Let’s examine how to solve this issue by mocking a service and providing the mocked version via dependency injection. In this way, the code receiving the injected dependency doesn’t even know that it did not receive the real service.

Example - http.Client

For our use-case we will examine http.Client which is a struct from the net/http standard Go lib which allows us to make network requests. The way we make a network request is by building an http.Request first and then providing it to the client to perform.

// Make a GET request to `url`
req, err := http.NewRequest("GET", url, nil)

// Perform the request
res, err := http.DefaultClient.Do(req)

http.Client does not satisfy any specific interface out of the box, but that doesn’t mean we can’t create an interface to match it.

// HTTPClient is a general interface for http clients
// Coincidentally, it is implemented by http.Client
// If we want to be more idiomatic it can also be named Doer
type HTTPClient interface {
	Do(req *http.Request) (*http.Response, error)
}

Now we’ll see a pattern that can be used to very generically mock an interface.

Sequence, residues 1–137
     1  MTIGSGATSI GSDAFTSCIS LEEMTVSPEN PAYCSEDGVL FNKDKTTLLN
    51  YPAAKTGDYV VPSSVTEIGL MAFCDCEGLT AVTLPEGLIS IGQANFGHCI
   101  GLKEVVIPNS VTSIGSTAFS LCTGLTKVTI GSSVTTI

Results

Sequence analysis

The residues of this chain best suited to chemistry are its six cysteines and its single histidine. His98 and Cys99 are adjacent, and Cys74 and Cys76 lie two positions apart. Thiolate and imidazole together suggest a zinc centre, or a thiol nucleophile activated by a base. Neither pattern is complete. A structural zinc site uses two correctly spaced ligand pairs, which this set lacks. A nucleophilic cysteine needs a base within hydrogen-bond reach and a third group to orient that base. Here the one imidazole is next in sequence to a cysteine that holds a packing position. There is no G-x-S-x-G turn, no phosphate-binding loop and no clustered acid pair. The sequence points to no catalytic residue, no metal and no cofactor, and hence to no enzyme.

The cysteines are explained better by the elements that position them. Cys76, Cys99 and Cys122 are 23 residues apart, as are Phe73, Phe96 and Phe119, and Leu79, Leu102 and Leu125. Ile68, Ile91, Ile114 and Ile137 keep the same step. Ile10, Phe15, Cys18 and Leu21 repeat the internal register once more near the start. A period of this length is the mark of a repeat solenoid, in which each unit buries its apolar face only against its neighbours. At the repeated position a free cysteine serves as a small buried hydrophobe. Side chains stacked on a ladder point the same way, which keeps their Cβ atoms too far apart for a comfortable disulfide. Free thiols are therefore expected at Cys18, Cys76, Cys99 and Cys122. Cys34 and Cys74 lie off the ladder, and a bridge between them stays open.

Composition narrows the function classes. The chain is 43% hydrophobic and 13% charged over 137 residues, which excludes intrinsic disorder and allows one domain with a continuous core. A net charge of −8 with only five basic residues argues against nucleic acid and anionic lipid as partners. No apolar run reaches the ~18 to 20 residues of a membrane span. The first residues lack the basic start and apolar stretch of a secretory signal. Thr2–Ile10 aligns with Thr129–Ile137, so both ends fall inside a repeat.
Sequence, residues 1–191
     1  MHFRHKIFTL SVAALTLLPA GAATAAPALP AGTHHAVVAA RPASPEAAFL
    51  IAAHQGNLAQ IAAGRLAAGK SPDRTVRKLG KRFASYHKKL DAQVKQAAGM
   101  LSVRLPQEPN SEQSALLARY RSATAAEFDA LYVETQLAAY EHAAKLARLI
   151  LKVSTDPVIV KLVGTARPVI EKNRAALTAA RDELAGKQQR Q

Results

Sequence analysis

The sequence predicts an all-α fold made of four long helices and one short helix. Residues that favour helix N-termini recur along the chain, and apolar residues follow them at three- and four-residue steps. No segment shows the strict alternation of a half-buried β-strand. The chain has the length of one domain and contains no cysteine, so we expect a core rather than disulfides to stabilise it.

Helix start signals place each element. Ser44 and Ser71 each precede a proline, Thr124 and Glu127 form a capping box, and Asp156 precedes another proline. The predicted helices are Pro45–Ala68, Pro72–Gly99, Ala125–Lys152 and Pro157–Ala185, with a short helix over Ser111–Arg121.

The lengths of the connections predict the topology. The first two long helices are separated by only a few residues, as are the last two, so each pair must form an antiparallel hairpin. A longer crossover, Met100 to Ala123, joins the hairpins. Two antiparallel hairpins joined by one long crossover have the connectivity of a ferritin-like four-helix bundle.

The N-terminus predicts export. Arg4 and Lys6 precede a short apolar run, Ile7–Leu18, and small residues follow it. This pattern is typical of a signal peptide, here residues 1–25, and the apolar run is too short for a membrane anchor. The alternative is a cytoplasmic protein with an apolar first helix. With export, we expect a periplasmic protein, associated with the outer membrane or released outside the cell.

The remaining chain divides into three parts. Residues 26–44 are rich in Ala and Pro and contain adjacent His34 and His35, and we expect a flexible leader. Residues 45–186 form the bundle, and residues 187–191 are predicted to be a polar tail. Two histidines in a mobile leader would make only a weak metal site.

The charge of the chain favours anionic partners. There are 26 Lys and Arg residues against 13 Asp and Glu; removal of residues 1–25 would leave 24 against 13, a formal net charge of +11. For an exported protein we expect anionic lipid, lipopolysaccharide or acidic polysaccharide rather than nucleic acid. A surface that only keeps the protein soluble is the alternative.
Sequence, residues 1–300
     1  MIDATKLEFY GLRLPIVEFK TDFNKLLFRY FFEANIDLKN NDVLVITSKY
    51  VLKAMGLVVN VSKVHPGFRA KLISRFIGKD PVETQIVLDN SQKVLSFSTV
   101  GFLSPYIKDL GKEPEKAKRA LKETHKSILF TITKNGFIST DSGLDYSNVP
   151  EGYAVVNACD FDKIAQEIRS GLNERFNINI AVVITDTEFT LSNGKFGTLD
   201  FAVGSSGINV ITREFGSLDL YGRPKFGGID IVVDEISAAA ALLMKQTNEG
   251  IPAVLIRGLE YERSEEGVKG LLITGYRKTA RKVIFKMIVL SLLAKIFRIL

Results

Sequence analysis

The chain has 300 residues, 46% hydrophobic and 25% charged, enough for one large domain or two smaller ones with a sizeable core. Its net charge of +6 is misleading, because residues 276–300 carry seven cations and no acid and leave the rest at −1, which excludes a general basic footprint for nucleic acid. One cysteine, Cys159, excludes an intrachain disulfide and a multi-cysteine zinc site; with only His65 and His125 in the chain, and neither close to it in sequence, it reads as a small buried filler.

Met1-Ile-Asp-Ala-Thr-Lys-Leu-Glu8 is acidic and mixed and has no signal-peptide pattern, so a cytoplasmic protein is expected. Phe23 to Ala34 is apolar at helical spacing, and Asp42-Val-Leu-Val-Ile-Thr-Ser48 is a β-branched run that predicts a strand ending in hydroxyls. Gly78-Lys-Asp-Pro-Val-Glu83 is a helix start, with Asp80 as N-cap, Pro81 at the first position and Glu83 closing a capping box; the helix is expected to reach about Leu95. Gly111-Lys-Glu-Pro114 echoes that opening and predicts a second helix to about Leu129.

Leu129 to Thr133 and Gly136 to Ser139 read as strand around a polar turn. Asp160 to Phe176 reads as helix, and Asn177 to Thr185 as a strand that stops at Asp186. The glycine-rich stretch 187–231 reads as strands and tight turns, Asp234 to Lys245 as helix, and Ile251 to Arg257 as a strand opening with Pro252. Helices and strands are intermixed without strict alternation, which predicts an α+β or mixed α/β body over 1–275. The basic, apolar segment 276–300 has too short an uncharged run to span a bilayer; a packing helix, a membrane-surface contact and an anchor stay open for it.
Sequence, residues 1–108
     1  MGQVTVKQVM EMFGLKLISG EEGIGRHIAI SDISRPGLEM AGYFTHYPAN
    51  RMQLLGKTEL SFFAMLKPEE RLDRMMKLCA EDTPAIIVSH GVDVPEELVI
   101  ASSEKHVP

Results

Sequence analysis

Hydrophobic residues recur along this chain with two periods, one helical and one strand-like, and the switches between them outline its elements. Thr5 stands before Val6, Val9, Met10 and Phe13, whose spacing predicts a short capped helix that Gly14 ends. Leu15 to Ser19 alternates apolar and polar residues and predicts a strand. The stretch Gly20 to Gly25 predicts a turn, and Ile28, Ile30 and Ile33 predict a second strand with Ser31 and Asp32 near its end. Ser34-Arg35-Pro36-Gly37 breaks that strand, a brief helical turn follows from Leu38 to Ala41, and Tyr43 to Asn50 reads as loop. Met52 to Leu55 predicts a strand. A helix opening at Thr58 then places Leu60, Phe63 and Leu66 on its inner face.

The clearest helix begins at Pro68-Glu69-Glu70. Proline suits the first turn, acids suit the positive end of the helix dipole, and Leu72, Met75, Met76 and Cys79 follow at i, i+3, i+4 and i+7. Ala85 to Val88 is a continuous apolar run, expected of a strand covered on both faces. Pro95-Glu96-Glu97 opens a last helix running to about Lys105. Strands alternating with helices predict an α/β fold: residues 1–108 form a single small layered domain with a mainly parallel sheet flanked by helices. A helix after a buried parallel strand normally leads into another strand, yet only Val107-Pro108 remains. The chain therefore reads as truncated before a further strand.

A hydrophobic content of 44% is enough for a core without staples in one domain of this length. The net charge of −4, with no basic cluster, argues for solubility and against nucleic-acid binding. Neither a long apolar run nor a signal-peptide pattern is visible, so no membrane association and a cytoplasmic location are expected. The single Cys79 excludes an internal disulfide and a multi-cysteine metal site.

// MockHTTPClient is a mockable HTTPClient
type MockHTTPClient struct {
	DoFn func(req *http.Request) (*http.Response, error)
}

// Do calls the underlying Do method
func (c *MockHTTPClient) Do(req *http.Request) (*http.Response, error) {
	return c.DoFn(req)
}

MockHTTPClient takes in a generic DoFn, so we can create many different mock clients.

// FromString returns an HTTPClient which always returns a response with the given string
func FromString(s string) HTTPClient {
	return &MockHTTPClient{
		DoFn: func(req *http.Request) (*http.Response, error) {
			// convert the given string to a ReadCloser (same as Response.Body)
			body := ioutil.NopCloser(strings.NewReader(s))

			// Just return a response with the given string
			return &http.Response{
				Body: body,

				// Can mock other fields as well: StatusCode, etc
			}, nil
		},
	}
}

Notice there are lots of options for mocking HTTPClient: FromStatusCode, FromCookies, FromHeaders, etc. We can also just create a MockHTTPClient on the fly with some special custom logic.